Before Potomac Falls Principal Wayne Griffith retires in June, Loudoun's middle and high school students might want to thank him for their homework.
Griffith introduced 8th period block scheduling in 2001, which cut students' homework load.
Dr. Edgar Hatrick, superintendent of schools, said this week that Griffith made his mark on Loudoun's education system in many ways. The most prominent was 8th period block scheduling, which is now used in all of the county's middle and high schools. Block scheduling gives students an hour and a half of instruction in a given subject every other day instead of 45 minutes daily. "It means when students go home, they don't have homework (in all subjects) every night. It's every other night," Hatrick said, adding that the method is similar to what they would encounter in college. "For the teachers, there's the opportunity to actually carry out a full lesson."
Griffith said block scheduling was used in the county before he expanded it to the 8th period block concept.
Hatrick also applauded Griffith's ability to make scheduling more efficient so students could take most of the subjects they would want or need during their high schools years.
GRIFFITH HAS been with Loudoun County schools for 36 years. He started out in 1968 as a teacher of mathematics at the Broad Run Annex. He joined Broad Run High School in 1969, teaching math and French and coaching golf and basketball. He became an assistant principal at Loudoun Valley High School in 1976 and then principal of Douglas Community School in 1977. In 1979, he returned to Broad Run as principal, where he oversaw students for 17 years. In 1996, he became principal of Potomac Falls High School, the first new high school built in the county in 21 years. He spent a year getting it ready to open in the fall of 1997.
Griffith cited the latter responsibility as his greatest accomplishment. He and a team of four educators created a model for future county high schools. He ordered the school supplies and hired the teachers. He credited Harry Bibb, formerly deputy superintendent of instruction, Linda Payne, bookkeeper, Sherron Gladden, assistant principal, and Charlie Lutman, athletic director, with helping to set the tenor for the upcoming schools
Hatrick said Griffith's school was one of the first to use the ninth grade teaming method. It separates the freshmen into three groups, matching each with a core of four teachers and a guidance counselor who work together on the students' academic needs.
HATRICK RECOGNIZED Griffith's leadership abilities. "Ultimately, I believe you measure the success of a principal by the success of his or her students," Hatrick said. "It certainly can be said at Broad Run and Potomac Falls, there is example after example of students who did very well after they left the school."
Griffith recalled a ploy he used at Broad Run High School in the '80s to get his students to improve their grade point averages. He challenged the freshmen, sophomores, junior and senior classes to bring up their grade average one full letter, such as a C to a B. If any of the classes succeeded, he would play his accordion for an hour. Every class showed improvement. "So there I was sitting on the roof, playing the accordion for four hours. It was 32 or 33 degrees," he recalled. "I remember some students brought me hot chocolate."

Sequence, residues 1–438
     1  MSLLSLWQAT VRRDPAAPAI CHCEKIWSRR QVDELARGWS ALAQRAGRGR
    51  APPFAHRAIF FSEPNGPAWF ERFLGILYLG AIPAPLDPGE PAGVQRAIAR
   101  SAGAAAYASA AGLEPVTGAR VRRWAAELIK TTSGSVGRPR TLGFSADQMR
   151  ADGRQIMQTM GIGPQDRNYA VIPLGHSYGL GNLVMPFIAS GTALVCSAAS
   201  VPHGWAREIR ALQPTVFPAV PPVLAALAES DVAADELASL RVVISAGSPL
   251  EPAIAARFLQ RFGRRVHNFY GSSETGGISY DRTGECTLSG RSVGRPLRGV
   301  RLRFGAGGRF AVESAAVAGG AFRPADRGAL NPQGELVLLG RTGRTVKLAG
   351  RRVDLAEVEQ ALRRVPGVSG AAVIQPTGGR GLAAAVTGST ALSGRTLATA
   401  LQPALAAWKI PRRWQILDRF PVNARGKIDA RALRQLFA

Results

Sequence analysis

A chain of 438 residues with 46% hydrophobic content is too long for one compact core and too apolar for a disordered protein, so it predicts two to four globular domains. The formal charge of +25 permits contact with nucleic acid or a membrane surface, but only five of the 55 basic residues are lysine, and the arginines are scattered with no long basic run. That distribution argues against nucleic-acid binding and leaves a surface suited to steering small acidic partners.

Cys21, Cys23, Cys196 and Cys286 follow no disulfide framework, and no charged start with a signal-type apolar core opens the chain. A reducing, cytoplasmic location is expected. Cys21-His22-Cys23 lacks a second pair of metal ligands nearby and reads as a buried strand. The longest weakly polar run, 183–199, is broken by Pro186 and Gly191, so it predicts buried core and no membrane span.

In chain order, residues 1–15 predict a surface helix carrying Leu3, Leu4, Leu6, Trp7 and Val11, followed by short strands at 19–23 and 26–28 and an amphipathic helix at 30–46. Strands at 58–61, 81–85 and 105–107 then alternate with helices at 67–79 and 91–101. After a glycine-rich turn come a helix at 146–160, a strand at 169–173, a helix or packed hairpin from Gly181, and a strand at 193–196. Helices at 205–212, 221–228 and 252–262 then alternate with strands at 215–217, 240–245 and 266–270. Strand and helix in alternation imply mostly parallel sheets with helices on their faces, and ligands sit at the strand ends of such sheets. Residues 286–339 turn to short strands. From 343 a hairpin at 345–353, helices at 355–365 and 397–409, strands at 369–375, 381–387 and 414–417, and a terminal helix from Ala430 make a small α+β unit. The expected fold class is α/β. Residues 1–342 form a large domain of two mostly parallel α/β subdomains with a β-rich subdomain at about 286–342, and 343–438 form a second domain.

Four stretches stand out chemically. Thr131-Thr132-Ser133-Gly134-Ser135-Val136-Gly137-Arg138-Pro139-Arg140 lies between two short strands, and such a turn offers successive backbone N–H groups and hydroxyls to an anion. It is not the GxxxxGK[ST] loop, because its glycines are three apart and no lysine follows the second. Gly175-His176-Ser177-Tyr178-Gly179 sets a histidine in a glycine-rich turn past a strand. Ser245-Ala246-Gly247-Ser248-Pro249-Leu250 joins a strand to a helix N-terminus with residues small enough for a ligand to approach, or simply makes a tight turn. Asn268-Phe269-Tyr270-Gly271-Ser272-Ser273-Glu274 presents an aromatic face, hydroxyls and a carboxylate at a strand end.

He sported the schools colors, maroon and gold, and played the BRHS fight song.
Mike Megeath, who retired as principal of Monroe Technology Center on Dec. 31, 2002, attended Virginia Tech and taught at Broad Run with Griffith. "Wayne is probably one of the most versatile principals I have known as far as his academic and athletic abilities are concerned. His musical talent is unquestionable."
He said Griffith was a member of the college glee club and played the accordion, the piano and the guitar.
Hatrick said Griffith was a leader in the Virginia High School League, which has authority over all high school sports in the state.
Griffith said he has watched the transformation of Loudoun's education system over four decades. Potomac High School was the first to have four computers in every classroom, he said.
"The biggest change in education is the advent of technology," he said. "It's just the beginning. We're just at the tip of that."
He reflected on other differences. Students are required to learn a lot more than before. Consequently, teachers have more learning to do too, he said. "There are higher expectations, from standards of learning to 'No Child Left Behind,'" he said. Virginia students must pass standards of learning requirements in order to graduate. The U.S. Department of Education, in its call for 'No Child Left Behind,' has mandated all schools have equal access to quality education.
ANOTHER TRANSFORMATION was the complexion of the student body. "We have a significant minority population that continues to grow," he said. "What is defined as minority now may become the majority."
Even athletics have changed. The number of girls' sports has increased. "The recognition of female sports has taken a real hold," he said. "And we have student athletes who are developing at a faster pace. They are stronger, faster and bigger."
Loudoun's education system will continue to change after Griffith retires. "I really envision education to continue to grow along the lines of technology," he said. "It's just the beginning of the technology age in education."